Over the past nine years the provincial government has killed 1,944 wolves at the taxpayers’ expense of ten million dollars. This predator reduction program is rationalised by the Ministry of Water, Land and Resource Stewardship as a short-term and essential measure to preserve and recover endangered caribou. According to the B.C government’s Hunter Sample Survey Estimates*, between 2015-2022 hunters and trappers killed an estimated 5,892 wolves in regions where the wolf cull is also taking place.

The provincial government believes that the median population estimate of wolves in the province stands at roughly 8,500. This estimate, provided in the provincial Grey Wolf Management Plan (2014), is based on two independent wolf estimates that were assessed to create a combined estimate of 5,300 to 11,600 wolves throughout British Columbia. Population estimates are just that – estimates, based on a mathematical model. Renowned wolf biologists John and Mary Therberge explain:

 “Any number they give of caribou, wolves, etc must be an estimate, not a full count, the latter being impossible when dealing with large areas. To get an estimate you take a random sample of a certain number of plots all the same size and fly [over] them and count animals, then magnify by the full size of the study area. You get an average from these plot counts, but it is important – really mandatory – to consider the spread of the numbers that went into the average, because the greater the spread, the less confidence you can have in the average.” 

 The Therberges note that it is nearly impossible to accurately estimate the population because the data over the years fluctuates too much.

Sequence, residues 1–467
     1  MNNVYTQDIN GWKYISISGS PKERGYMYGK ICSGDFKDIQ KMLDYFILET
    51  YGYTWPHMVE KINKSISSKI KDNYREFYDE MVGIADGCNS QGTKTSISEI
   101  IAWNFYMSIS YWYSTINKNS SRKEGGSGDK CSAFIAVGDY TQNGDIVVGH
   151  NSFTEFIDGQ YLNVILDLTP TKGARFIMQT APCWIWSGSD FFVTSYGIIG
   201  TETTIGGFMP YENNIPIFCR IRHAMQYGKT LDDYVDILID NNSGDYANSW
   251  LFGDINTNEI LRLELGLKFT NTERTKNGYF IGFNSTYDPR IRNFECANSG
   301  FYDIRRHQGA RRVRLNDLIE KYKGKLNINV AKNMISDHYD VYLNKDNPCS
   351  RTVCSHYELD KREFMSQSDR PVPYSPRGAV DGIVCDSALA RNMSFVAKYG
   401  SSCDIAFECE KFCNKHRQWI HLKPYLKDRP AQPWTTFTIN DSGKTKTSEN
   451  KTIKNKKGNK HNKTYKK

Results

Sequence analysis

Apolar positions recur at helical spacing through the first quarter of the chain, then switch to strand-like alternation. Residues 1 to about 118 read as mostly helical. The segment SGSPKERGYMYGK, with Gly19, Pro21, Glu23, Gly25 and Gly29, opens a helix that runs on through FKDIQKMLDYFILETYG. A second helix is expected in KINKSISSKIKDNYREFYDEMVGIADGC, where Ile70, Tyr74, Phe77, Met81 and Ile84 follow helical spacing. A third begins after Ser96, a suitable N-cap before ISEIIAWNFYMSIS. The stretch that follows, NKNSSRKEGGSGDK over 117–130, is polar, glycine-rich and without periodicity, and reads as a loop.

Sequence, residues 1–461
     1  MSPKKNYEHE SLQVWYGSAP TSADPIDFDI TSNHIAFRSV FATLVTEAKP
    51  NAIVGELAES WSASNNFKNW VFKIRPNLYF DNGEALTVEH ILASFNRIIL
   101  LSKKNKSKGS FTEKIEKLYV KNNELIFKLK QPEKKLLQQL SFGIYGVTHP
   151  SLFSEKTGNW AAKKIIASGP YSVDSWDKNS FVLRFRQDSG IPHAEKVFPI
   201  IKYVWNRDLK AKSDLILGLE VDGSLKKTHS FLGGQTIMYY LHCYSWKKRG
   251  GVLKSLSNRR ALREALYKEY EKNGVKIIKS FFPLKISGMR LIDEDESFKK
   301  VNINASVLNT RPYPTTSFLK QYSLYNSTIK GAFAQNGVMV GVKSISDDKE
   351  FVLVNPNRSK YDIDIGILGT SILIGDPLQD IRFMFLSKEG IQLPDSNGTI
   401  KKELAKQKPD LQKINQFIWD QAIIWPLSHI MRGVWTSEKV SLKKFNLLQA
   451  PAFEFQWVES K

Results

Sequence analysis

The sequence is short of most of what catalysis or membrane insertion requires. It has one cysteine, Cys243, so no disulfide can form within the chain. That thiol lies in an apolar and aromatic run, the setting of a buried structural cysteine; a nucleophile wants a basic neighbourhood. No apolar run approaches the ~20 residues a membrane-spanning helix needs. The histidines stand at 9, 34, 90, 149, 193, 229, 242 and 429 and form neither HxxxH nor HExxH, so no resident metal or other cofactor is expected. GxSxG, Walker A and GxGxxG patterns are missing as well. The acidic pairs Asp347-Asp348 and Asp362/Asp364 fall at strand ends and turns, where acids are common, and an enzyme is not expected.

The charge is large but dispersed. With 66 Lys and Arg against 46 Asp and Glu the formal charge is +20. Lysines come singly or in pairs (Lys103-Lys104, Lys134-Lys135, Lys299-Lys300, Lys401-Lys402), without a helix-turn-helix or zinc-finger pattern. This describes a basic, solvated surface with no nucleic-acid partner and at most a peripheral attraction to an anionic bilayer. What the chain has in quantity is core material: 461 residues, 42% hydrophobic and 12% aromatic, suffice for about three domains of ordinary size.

Between hunting and predator reduction efforts, at least 7,836 wolves have been killed in the last nine years in British Columbia.

There is no wolf culling in Regions 1, 2 or 8.

Limited Entry Hunt on B.C. Caribou

There are two types of hunting seasons available to licensed hunters in British Columbia; General Open Season (GOS) which is open to all licensed hunters and is managed by the time duration of permitted hunting, species restrictions and bag limits. The alternative hunting season is Limited Entry Hunt, which is run on a lottery type system, drawing names within applicant pools for specific species within designated areas. In spite of the shocking number of wolves killed in B.C. by the province to ostensibly help caribou populations rebound, Pacific Wild’s research shows that the government is still issuing as many as 255 Limited Entry Hunt (LEH) tags to hunt caribou in two regions of the province where caribou recovery measures and the wolf cull are also taking place.

Although the government may argue that some herds in this region are not endangered, 244 of those tags are tentatively authorised within a management unit (MU) that overlaps the Spatsizi herd, a population of caribou that has not had an estimate completed since 1996. Interestingly, according to the Caribou Recovery Programs Grey Wolf Management Plan, the same region issuing 244 LEH tags for caribou is within Spatsizi Plateau Wilderness Park and was noted to contain the highest concentration of wolves in the province. 

According to Canada’s Species At Risk Act, all boreal caribou in B.C. are threatened. Given there are so many endangered herds, with some on the brink of extinction, B.C.  should be operating under the precautionary principle. The province should not be allowing the issuance of tags for caribou at all outside of food, social and ceremonial hunting by First Nations. Since the wolf cull began in 2015, as many as 851 caribou have been legally killed by hunters in possession of LEH tags throughout multiple regions. This number, of course, does not account for caribou killed by poachers.

Region "?" unknown due to incomplete hunter sample surveys.